Revised Common Lectionary Commentary

Twenty-first Sunday after Pentecost - October 17, 2021

Saint Dominic contemplating the Scriptures

Saint Dominic
contemplating the Scriptures

Comments have been prepared by Chris Haslam using reputable commentaries, and checked for accuracy by the Venerable Alan T Perry. While not intended to be exhaustive, they are an aid to reading the Scriptures with greater understanding.

Comments are best read with the lessons.

Feedback to is always welcome.

Lessons for this week from the Vanderbilt University web site

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The book of Job is about suffering: it seeks to answer the question: why does God allow the faithful to suffer? The first two chapters, which are in prose, tell of a legendary figure of Judaism called Job. In this story (which may be extremely ancient), a very righteous man is tested: is he as godly as he seems, or is his godliness only an appearance, a result of his acquisition of wealth and his position as father of a dynasty? His continuing fidelity through deprivation of all that he possesses demonstrates that he is truly godly. (In the final act of the drama, God restores his greatness.) Most of the book is poetry, and appears to have been written later. It is largely concerned with the meaning of divine justice and suffering. Through dialogues with Job's so-called "friends", we see Job learn that wisdom is God-given. Humans cannot find the way to it; God gives it to those who worship him.

Job 38:1-7,(34-41)

Job has complained of God’s indifference and injustice to him; he has asked why his misfortune happened. He has pleaded that God hear him, answer him. Now God, appearing in a “whirlwind” (as he does elsewhere in the Old Testament) answers him by asking him rhetorical questions. First he asks: who are you to doubt, in your ignorance, the sum total of my plans and works? Stand up like a man; answer the questions I put to you (vv. 2-3). Our reading is only a small part of God’s speech. He asks five main questions:

  • Were you present at creation?
  • Do you know your way around the cosmos?
  • Would you know how to operate it?
  • Would creation and creatures obey your commands? and
  • Are you capable of providing for animals and birds?
  • Question 1, vv. 4-15, has three parts: earth, sea and light. In vv. 4-7, “earth” is pictured as a building: who were the architect (v. 5a) and the surveyor (v. 5b)? Who laid the foundations (“bases”, v. 6a)? “Who laid its cornerstone?” On this festive occasion, the “stars sang” (v. 7) and God’s heavenly court rejoiced. Now for Question 4 (vv. 34-38): even if you gave the right orders, would they be carried out? Only God has the “wisdom”, the combination of great knowledge and experience, to have the “clouds”, etc. obey him. (People believed that a set of pudding bowls covered the earth; here rain is stored in “waterskins”, v. 37. V. 38 describes the effects of rain.) Question 5 is in 38:39-39:30. Nine creatures are described. Can Job care for them and nourish them as the creator does? The last, the war horse, is the most amazing of all.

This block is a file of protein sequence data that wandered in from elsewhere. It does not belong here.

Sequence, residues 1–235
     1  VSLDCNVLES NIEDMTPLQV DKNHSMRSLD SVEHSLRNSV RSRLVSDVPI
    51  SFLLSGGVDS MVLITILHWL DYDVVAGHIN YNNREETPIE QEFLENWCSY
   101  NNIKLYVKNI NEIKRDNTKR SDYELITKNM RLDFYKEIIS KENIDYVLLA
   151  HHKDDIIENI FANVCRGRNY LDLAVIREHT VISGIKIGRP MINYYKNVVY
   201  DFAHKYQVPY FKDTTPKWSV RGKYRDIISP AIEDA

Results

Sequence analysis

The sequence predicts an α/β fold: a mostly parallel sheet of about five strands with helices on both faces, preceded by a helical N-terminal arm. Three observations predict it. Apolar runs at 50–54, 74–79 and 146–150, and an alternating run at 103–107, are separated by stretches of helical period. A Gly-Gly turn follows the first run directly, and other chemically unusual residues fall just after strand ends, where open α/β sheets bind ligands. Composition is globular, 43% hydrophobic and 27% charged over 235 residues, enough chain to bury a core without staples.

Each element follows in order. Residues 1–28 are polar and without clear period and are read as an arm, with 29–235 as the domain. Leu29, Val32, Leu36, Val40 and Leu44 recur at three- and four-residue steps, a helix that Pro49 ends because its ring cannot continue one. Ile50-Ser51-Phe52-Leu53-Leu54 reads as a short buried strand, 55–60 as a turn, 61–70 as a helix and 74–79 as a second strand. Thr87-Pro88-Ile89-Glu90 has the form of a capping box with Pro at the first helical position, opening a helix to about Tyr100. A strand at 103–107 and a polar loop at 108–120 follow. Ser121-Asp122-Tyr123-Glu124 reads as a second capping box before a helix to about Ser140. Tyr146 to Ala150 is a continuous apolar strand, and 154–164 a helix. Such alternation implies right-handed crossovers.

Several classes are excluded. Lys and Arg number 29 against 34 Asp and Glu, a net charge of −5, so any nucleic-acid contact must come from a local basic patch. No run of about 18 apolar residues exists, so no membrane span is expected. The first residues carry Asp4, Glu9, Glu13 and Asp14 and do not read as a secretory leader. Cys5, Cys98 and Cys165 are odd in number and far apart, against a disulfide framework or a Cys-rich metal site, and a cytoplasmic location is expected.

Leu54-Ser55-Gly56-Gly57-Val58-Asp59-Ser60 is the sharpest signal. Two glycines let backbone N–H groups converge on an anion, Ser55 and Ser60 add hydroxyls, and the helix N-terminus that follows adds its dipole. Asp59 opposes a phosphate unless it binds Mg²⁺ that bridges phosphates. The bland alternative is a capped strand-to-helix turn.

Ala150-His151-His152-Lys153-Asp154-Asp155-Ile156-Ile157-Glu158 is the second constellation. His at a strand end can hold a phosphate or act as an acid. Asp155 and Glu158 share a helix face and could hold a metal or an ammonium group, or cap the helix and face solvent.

After God’s speech, Job says: “See, I am of small account; what shall I answer you? ... I will not answer” ( 40:4-5). God’s appearance has invalidated the very basis of Job’s complaint. He is at last able to articulate what he has been suspecting all along: he and his friends thought they understood the world; now he realizes that they do not. And so his complaint against God evaporates.


    Psalms is a collection of collections. The psalms were written over many centuries, stretching from the days of Solomon's temple (about 950 BC) to after the Exile (about 350 BC.) Psalms are of five types: hymns of praise, laments, thanksgiving psalms, royal psalms, and wisdom psalms. Within the book, there are five "books"; there is a doxology ("Blessed be ... Amen and Amen") at the end of each book.

    Psalm 104:1-9,25,35b

    This psalm is a hymn of praise to God, the creator. Vv. 2-4 tell of the creation of the heavens and vv. 5-9 of the earth. To the ancients, “light” (v. 2) was a thing, so likening it to a “garment” made sense. God built his heavenly dwelling on the chaotic (unruly, disordered) “waters” (vv. 2b-3a). The hot wind in v. 4 is the sirocco, a desert wind from the east; the “wind” (v. 3c) brings rain clouds from the sea; both are under God’s control. People saw the earth as a disk supported by pillars (“foundations”, v. 5). Before God’s creative acts, the “waters” (v. 6) covered the earth. God chased away chaos, bringing order; he restricted the waters to the mountain tops (as snow) and the “valleys” (v. 8, as rivers). He will never again permit the waters to cover the earth (v. 9) and all that lives (vv. 10-18): creatures depend on him for their very existence (vv. 27-30). God’s “works” (v. 24) are countless. He has made them “in wisdom”, with perfection of design and ethic, absolute integrity, truth and beauty. Praise the Lord!